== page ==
I’ve never really seen any use for OneNote. I know lots of people who absolutely love it, and I’ve tried to “get” it, but I just don’t. That’s one of the things that makes life interesting: something which is indispensible for one person just isn’t for another.
Today I may have found something which will make me use OneNote, at least from time to time. It’s a little feature that may not even be used by all of those OneNote zealots all that often, but it’s really useful.
I had a screenshot from a client’s computer which showed a message they were getting:
I needed to try to track down why this message was popping up and what it meant. Usually, I’d just type the message into Bing to do some searching, which is exactly what I did. I didn’t find anything that was really all that useful, so I decided to post a question on SharePoint Overflow about it.
Since I wanted to ask a clear question, one which would not only get me a good answer, but also be useful to others down the road – asking good *questions* is often what gets you good *answers* (see my post Getting Good Answers to Your SharePoint Questions) – I wanted to provide the full text of the message.
Well, obviously I could have done what I usually do: simply retype the message in full. But something nagged at me this time. Surely SnagIt would help me with this? If you don’t know SnagIt, there’s a tool *I* find indispensible. Take a look at it if you haven’t seen it before.
It turns out that SnagIt doesn’t do any sort of OCR. After a little Binging, I found a video from TechSmith which explains how to hook up SnagIt with Microsoft Office Document Imaging (MODI). Perfect! Oh, no it wasn’t. Apparently, Microsoft removed MODI from Office 2010. Dang it. If you have Office 2003 or 2007, though, watch the video and you may be all set.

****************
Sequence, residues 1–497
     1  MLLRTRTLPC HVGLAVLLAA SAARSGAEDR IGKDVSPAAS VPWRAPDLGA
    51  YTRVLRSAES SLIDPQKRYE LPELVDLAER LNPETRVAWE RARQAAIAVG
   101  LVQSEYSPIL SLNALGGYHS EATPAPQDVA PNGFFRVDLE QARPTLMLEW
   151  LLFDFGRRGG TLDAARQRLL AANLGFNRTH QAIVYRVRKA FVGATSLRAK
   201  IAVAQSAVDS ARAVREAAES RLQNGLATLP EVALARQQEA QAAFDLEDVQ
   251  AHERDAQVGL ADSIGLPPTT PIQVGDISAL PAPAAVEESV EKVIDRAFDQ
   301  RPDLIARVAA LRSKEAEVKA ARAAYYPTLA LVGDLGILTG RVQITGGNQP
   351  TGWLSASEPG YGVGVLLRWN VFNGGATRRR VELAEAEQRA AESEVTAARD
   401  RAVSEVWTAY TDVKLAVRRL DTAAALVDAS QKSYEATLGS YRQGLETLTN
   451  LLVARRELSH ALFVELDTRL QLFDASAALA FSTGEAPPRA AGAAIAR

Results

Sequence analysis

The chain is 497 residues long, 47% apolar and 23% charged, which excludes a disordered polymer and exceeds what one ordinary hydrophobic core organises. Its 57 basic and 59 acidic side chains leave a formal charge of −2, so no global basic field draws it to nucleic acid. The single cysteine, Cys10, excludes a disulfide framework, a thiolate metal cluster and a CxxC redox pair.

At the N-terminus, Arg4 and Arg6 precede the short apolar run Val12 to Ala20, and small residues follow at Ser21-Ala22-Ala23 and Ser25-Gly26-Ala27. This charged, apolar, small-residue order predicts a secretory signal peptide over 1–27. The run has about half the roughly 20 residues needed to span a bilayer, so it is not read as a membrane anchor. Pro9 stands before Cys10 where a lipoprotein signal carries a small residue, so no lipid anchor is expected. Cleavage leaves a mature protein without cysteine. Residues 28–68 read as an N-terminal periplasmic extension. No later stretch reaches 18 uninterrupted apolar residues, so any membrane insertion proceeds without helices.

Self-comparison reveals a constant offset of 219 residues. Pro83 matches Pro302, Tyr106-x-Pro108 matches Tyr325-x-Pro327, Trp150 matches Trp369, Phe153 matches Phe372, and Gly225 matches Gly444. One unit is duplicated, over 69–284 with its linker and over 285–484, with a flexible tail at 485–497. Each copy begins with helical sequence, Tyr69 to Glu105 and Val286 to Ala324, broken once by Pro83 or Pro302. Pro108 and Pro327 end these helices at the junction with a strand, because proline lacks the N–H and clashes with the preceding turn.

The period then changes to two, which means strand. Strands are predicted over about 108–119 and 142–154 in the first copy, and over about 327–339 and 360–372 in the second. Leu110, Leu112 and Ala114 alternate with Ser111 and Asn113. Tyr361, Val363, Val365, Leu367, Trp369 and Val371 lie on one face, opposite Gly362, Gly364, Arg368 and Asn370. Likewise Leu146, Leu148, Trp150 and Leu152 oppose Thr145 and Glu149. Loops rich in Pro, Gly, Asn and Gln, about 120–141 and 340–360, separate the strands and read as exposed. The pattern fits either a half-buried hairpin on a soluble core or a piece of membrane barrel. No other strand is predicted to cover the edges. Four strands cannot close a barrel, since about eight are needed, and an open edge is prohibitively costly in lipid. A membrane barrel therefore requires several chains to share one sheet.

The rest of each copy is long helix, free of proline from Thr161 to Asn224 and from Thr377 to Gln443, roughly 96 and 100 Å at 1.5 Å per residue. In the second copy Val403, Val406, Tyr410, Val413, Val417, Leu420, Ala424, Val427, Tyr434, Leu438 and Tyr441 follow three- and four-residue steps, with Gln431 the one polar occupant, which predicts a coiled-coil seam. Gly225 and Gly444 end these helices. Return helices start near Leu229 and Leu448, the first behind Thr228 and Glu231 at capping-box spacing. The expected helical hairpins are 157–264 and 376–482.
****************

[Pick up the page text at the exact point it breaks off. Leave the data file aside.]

Back to Bing. I finally found a Microsoft support article which had what I needed:
Optical character recognition
MODI also enables you to perform optical character recognition (OCR). By performing OCR, you can then copy text from a scanned image or from a fax into another location. To implement the functionality of this feature, use Microsoft OneNote 2010. To do this, follow these steps:
- In OneNote 2010, on the Insert tab, click Picture.
- Locate and then open the scanned file. The file is inserted into OneNote 2010 as a picture.
- Right-click the picture, click Copy Text from Picture, and then paste the information to another location.
Very cool! A real use for OneNote! But that wasn’t really the point. The point wa that I was able to insert my image into OneNote and get the text from the message so that I could post it to SharePoint Overflow. I still don’t quite know exactly what issue my client is having (if you have any input, please post to the thread), but at least I learned a little trick which is going to save me time over and over again. I used it twice today already!
<UPDATE dateTime=”2011-05-13 07:33″>
Dan Antion (@DAntion) was kind enough to point out politely that you can also insert a screen clipping directly into OneNote, a fact that I missed.